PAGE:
The proposed large scale afforestation will require establishment of decentralised nurseries through credit support. Forest nurseries will be one of the means for active participation of the communities in future forest regeneration programmes. fuel. The 1. The size of the nursery may be increased according to the borrowers category. fruits. 10 sq m. The number of polybeds required at this stage is at 1:12 ratio i. The steady depletion of forest resources and increasing deforestation has brought into focus the realisation that the active participation of the communities is necessary for the success of any forest regeneration programme. SELECTION OF SPECIES Top The nurseries should plan to produce healthy plants covering timber. The nursery should be on a gently sloping land to ensure proper drainage. Ten seed polybeds would be raised of 10m x 1m i. SHGs.25 lakh seedlings can be raised. The shape will be rectangular and would measure 100m x 25 m. etc. 12 polybeds for each of the primary/seed polybeds.basis to provide quality planting material. .e.20 lakh seedlings would be raised in polybags and remaining 5000 will be naked rooted seedlings. NGOs. Besides this the prevailing agroclimatic conditions in the area should also be taken into consideration while selecting the species. non-wood forest produce and even ornamental species having good demand in the locality. State Forest Development Corporations. BENEFICIARIES Top The decentralised nurseries can be established by farmers. Promotion of decentralised nurseries through credit in the rural areas will lead to easy and timely availability of planting material and in the process lead to creation of employment opportunities and income generation in the rural areas. has been considered for a viable nursery wherein 1. NURSERY TECHNIQUE Top An area of 0. forest based industries. Initially the nursery will be raised in mother beds and will be pricked out in polypots. Site preparation will be done by ploughing and hoeing the land. It should have water as a perennial source to ensure adequate supply in hot weather and to reduce costs. capacity and demand for planting material.25 ha. It is also well known that village communities would have little incentive to participate unless they benefit directly.25 lakh seedlings will be raised in a total of 120 polybeds (1000 seedlings per polybed) of which 1.e. fodder.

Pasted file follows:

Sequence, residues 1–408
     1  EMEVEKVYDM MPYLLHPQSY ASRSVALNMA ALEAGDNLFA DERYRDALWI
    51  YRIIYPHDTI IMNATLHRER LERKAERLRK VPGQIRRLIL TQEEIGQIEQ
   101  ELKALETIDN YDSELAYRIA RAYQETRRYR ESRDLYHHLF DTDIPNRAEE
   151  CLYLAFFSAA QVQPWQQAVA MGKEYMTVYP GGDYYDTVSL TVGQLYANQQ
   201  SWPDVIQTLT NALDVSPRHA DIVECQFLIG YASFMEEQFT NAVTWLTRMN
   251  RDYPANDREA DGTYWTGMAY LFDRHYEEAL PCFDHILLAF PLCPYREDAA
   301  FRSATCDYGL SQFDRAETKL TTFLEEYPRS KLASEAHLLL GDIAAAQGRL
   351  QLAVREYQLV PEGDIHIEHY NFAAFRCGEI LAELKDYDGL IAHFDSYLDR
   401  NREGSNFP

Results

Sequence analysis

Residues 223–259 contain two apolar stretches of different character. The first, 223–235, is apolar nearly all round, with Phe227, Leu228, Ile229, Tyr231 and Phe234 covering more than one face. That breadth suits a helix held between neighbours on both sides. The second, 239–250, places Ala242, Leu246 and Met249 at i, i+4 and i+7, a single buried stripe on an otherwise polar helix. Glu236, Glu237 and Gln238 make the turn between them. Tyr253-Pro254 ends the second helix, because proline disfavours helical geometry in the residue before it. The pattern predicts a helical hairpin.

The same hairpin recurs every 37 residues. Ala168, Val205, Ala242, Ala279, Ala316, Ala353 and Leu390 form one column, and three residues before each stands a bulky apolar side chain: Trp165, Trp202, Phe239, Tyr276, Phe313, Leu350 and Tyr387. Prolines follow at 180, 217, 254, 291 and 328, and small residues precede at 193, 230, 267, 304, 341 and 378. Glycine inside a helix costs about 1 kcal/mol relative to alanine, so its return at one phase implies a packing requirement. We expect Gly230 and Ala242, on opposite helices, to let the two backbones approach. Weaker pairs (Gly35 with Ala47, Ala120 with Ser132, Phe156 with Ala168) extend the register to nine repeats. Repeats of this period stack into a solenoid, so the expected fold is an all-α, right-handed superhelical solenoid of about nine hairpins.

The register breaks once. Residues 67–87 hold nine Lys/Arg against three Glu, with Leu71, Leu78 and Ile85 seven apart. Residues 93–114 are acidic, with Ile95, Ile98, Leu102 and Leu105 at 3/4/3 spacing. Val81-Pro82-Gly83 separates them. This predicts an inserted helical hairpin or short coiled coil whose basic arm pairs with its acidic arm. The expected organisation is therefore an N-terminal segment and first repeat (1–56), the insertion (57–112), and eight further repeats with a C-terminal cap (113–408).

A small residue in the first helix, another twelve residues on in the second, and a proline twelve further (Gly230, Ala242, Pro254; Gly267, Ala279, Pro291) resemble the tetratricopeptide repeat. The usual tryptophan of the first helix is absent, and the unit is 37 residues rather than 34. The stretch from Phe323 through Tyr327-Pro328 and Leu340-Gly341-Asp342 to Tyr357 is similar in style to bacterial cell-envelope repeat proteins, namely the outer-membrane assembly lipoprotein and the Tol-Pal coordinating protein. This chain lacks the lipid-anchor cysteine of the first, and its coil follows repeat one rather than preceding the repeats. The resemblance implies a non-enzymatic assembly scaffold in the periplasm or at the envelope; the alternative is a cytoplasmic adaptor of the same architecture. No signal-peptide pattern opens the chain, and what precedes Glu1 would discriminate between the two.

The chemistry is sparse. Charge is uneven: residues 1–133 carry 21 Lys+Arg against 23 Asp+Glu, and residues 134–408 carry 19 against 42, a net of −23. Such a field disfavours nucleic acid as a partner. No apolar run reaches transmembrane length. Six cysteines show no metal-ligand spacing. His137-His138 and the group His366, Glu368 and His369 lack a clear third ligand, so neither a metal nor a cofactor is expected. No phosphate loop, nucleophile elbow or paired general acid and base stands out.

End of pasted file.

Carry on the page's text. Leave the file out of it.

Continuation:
Bamboo mats can also be used for providing shade.) 400 4500 500 2000 25000 1500 2500 5000 5000 30000 76400 3820 80220 .50/MD Sr. COST OF CULTIVATION The total cost of raising a nursery with 1. shading may be provided by using polythene sheets or shading nets.1.25 lakh seedlings has been estimated at Rs. UNIT COST OF FOREST NURSERY IN 0.The seedlings will be hardened in the nursery by reducing the water supply over a period of time and exposing them to sunlight over different durations. Protection measures may be taken like fencing the area with barbed wire.25 lakh seedlings Wage Rate: Rs. The nurseries are temporary in nature and are of five year duration.No.0.15/RMT LS LS 100 MD LS Cost. 1 2 3 4 5 6 7 8 9 10 11 12 13 Particulars of works Fixed Cost Site Preparation Fencing with barbed wire for 150 RMT Preparation of compost pit.30/RMT 10 MD LS LS Rs.2. This would make them capable of facing adverse weather conditions once they are transplanted onto the field.50/. (Rs. The detailed item wise and year wise unit cost is furnished below assuming a wage rate of Rs.37 lakh. nursery path Maintenance of irrigation source 5 HP Diesel Pumpset Cost of pipeline for irrigation (100 mts. The capital cost works out to Rs.) Cost of implements for nursery operations Cost of Water Tank Preparation of Polybeds (120) Cost of Net for providing shade and installation SubTotal Contingency 5% Total Unit 8 MD Rs.802 lakh to be incurred in the first year.25 HA Top 1.172 lakh for the first year. During the summer months.per manday. The recurring cost works out to Rs.